Re: Nature's vs. Science's Embargo Policy

From: Michael Eisen <mbeisen_at_LBL.GOV>
Date: Thu, 9 Jan 2003 21:26:53 -0800

I admire your optimism, and hope you are right.

As for me, I'm reserving my applause until the day when Nature abandons any
effort to control who can read their papers and how they are distributed.

----- Original Message -----
From: "Stevan Harnad" <>
Sent: Thursday, January 09, 2003 7:32 PM
Subject: Re: Nature's vs. Science's Embargo Policy

> On Thu, 9 Jan 2003, Michael Eisen wrote:
> > NATURE: "How can I show my article to my colleagues? By sending a link
> > to the paper on your website. You may not distribute the PDF by email,
> > on listservs or on open archives. Please remember that although the
> > content of the article is your copyright, its presentation (i.e. its
> > typographical layout as a printed page) remains our copyright."
> That's just fine! Run the PDF through a PDF-to-HTML converter, reformat it
> trivially, and the layout is yours! (These details are utterly *trivial*,
> Mike, whereas the nontrivial, substantive part -- you may put your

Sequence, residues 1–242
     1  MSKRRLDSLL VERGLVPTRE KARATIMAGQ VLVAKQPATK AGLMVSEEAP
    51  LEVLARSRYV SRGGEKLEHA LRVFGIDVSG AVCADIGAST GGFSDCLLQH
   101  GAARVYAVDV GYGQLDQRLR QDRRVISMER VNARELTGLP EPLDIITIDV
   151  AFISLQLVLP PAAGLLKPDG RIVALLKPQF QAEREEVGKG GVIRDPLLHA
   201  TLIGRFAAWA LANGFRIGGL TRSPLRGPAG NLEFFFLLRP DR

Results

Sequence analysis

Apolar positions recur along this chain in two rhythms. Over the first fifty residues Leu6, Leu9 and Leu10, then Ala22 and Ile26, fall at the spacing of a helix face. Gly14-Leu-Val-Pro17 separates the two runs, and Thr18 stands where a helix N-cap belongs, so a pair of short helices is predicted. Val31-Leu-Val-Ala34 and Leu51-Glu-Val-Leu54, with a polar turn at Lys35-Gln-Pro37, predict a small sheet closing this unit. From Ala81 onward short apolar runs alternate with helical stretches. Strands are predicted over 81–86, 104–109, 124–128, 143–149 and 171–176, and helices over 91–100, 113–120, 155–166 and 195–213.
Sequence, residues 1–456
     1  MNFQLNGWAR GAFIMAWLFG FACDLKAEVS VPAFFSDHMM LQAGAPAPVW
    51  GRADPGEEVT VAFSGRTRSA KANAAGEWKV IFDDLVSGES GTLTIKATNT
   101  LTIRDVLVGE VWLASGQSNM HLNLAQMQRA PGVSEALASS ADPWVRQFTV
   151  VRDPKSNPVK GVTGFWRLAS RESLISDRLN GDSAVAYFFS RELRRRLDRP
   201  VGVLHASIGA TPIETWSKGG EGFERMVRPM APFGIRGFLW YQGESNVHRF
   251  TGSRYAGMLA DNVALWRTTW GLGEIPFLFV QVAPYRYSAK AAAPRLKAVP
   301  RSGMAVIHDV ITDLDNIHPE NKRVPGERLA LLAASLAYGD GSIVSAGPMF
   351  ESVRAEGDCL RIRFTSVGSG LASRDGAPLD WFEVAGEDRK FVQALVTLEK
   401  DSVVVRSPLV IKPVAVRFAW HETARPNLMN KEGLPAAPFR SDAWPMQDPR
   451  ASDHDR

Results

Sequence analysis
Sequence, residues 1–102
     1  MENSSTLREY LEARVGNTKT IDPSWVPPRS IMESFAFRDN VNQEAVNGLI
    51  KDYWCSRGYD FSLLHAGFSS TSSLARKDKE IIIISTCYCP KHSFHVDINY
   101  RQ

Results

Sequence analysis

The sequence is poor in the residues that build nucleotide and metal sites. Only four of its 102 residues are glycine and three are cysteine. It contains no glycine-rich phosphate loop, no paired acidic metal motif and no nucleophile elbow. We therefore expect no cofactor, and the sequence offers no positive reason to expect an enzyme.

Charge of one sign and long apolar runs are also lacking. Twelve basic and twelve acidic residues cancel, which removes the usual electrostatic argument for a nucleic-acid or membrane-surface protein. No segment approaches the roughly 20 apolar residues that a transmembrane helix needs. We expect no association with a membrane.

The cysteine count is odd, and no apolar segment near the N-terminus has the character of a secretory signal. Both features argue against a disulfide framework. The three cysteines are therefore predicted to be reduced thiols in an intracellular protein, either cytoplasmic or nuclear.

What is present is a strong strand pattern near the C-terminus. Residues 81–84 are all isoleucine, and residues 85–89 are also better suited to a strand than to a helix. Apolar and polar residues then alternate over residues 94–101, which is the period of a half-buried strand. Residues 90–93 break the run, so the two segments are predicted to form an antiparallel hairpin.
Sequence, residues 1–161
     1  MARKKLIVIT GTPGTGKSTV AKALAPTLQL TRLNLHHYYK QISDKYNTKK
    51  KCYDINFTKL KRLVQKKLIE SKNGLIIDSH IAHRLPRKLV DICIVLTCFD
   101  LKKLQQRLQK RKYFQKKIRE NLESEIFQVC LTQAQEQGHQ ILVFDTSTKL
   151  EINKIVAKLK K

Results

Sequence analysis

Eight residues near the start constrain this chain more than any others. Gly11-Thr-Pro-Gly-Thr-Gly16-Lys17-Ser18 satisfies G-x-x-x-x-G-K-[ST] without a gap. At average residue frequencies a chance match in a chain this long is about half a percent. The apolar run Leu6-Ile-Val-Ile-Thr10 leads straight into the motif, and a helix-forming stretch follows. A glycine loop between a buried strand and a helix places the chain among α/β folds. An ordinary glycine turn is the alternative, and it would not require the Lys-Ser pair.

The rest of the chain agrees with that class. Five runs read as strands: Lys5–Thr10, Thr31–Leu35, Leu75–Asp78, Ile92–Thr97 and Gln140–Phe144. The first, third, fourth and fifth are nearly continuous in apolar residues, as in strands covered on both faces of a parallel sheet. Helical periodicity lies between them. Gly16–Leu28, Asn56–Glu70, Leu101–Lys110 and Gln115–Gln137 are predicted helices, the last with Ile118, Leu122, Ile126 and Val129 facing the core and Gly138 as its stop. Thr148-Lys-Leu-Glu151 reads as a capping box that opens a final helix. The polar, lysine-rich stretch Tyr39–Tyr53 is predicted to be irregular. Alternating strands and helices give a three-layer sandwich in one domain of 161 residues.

> refereed postprint on the web -- is *all* that was ever needed!)
> But I do believe they must have stopped giving lawyers logic courses any
> more as part of their degree! "You may not distribute the PDF by email.
> Send a link to it on your website instead." Gimme a break!
> And "You may not put it in an 'open archive' but only on a personal
> website?" So my personal website is not allowed to be OAI-compliant?
> This is all papyrophilic juribabble based on defunct anlogies with bygone
> days and ways! It makes no sense. It is as technologically innocent
> as it is blissfully free of logic. How can anyone even pretend to take
> it seriously?
> "Your honour, the defendant's computer transferred this open-access
> through the asynchronous sendmail protocol instead of synchronous
> HTTP: Throw the book at him please." (Not to mention that this level
> of monitoring would require something even more intrusive than the
> Patriot Act!)
> > If somehow authors construe this as a license to self-archive, that's
> > But lets not give Nature credit for something they have not done.
> On the contrary, I think it's a very *good* strategy to give Nature full
> credit for what they have done -- to encourage the other journals to
> hurry up and do likewise!
> Cheers (and cheer up!),
> Stevan
Received on Fri Jan 10 2003 - 05:26:53 GMT

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